coalition urged to keep its electoral promise to set up a national integrity commission | Australia News
Nearly 60 prominent Australian judges, lawyers and experts have urged the Coalition to deliver on a key election promise by establishing a strong and effective national anti-corruption commission.
In an open letter on Tuesday, prominent jurists such as Mary Gaudron, Margaret White, Paul Stein, Tony Fitzgerald and Margaret McMurdo, said the government had kept Australians waiting for 922 days after promising before the last election that a national anti-corruption body would be one of its “priority reforms” in the 46th parliament.
The government has said it will legislate on its integrity commission within 12 months of taking office.
Since then, the government has repeatedly missed the deadline to establish such a body. When an exposure draft for his proposed Commonwealth Integrity Commission was finally released, experts sharply criticized it as weak and ineffective.
The open letter, organized by the Australia Institute, warned of a lack of trust in government and politics, and said that a full anti-corruption commission was essential to “restore confidence in our democracy”.
“A National Integrity Commission is urgently needed to fill the gaps in our integrity system and restore confidence in our democracy,” the letter said.
“A major cause of the current deterioration in trust is the suspicion that corruption permeates many government decisions and actions. “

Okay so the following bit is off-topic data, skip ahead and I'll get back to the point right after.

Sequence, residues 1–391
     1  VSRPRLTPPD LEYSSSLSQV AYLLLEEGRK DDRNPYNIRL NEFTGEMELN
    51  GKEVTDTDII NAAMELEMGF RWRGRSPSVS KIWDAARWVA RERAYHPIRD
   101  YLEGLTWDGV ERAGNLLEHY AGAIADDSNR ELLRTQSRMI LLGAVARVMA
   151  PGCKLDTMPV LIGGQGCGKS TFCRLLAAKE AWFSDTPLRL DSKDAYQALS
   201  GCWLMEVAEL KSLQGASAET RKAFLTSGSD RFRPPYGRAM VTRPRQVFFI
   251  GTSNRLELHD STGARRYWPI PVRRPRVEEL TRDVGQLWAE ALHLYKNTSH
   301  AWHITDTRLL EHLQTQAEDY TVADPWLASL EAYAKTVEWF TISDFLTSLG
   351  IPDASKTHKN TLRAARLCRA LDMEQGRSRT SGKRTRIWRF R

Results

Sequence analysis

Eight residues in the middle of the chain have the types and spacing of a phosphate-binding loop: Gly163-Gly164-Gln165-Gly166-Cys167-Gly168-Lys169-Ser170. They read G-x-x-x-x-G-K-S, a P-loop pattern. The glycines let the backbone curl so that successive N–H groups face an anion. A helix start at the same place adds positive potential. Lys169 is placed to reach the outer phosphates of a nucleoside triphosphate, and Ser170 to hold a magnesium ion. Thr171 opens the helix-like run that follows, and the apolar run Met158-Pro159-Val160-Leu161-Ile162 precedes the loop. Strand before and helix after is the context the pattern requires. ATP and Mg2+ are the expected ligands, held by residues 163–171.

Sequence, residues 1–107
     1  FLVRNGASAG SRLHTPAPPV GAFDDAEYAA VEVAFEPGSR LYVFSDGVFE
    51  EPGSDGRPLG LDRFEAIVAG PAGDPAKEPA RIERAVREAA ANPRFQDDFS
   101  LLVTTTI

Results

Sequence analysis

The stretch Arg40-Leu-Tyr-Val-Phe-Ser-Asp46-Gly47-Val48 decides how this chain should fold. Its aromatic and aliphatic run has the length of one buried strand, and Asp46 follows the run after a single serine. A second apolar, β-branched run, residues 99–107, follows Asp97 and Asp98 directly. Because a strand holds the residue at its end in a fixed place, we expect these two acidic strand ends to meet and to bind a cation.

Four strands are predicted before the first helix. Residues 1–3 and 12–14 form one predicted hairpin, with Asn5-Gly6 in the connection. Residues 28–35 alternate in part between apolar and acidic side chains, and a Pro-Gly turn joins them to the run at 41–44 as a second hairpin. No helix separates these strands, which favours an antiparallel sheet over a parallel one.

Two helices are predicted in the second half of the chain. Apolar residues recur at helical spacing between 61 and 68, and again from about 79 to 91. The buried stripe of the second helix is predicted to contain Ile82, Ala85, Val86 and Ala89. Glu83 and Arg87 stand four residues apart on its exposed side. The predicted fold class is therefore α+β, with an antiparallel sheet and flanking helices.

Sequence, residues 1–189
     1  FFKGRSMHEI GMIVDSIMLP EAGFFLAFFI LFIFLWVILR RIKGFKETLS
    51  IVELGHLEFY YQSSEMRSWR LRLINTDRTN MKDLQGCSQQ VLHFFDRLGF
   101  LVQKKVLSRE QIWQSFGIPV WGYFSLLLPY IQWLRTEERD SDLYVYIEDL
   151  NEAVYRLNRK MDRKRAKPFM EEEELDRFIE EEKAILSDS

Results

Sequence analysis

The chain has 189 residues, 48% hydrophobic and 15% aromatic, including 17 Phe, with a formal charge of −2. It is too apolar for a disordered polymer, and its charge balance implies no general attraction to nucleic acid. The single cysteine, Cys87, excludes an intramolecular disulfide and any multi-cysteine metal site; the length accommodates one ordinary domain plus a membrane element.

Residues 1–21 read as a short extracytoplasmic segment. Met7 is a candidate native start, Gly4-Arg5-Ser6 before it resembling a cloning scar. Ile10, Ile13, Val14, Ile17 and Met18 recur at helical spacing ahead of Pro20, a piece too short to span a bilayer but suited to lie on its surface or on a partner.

The federal government is still consulting on its exposure draft. Most of the submissions received so far have criticized the proposed model.
The proposed CIC would not allow public hearings on corruption in the public sector, require a high threshold of evidence to begin an investigation, cannot take public denunciations, and cannot find corruption. Critics have also expressed concern over its narrow definition of corruption and the two-tier system it creates for government and law enforcement corruption.
Independent MP Helen Haines proposed her own anti-corruption commission last year and introduced a bill to the lower house.
She told the Guardian that the Coalition’s failure to come up with its own legislation was a broken election promise.
“The government and the opposition began the 2019 elections with a commitment to the Australian people to create an integrity commission in the next parliament,” she said. “So far we have not seen any government legislation on the parliamentary floor. We have seen laws from me and the Greens, but we have seen nothing from the government.
She questioned the need for further consultations. The evidence on how to create an effective national integrity commission was clear, she said.
“We know what we need, we know what we have been promised and the government has failed on this.”
The open letter, which will be published in the Sydney Morning Herald, was also signed by former Liberal opposition leader John Hewson.
Australia Institute principal researcher Bill Browne said there was an urgent need to create a strong national integrity commission.
“Breaking this election promise by failing to legislate on a federal anti-corruption body, which will be operational before the next election, would only further erode public confidence in our federal parliament,” he said.
“Research from the Australia Institute shows that 88% of Australians support the creation of an anti-corruption watchdog. It is time for politics to help each other – a national integrity commission is crucial to restoring public confidence in our political institutions and democracy.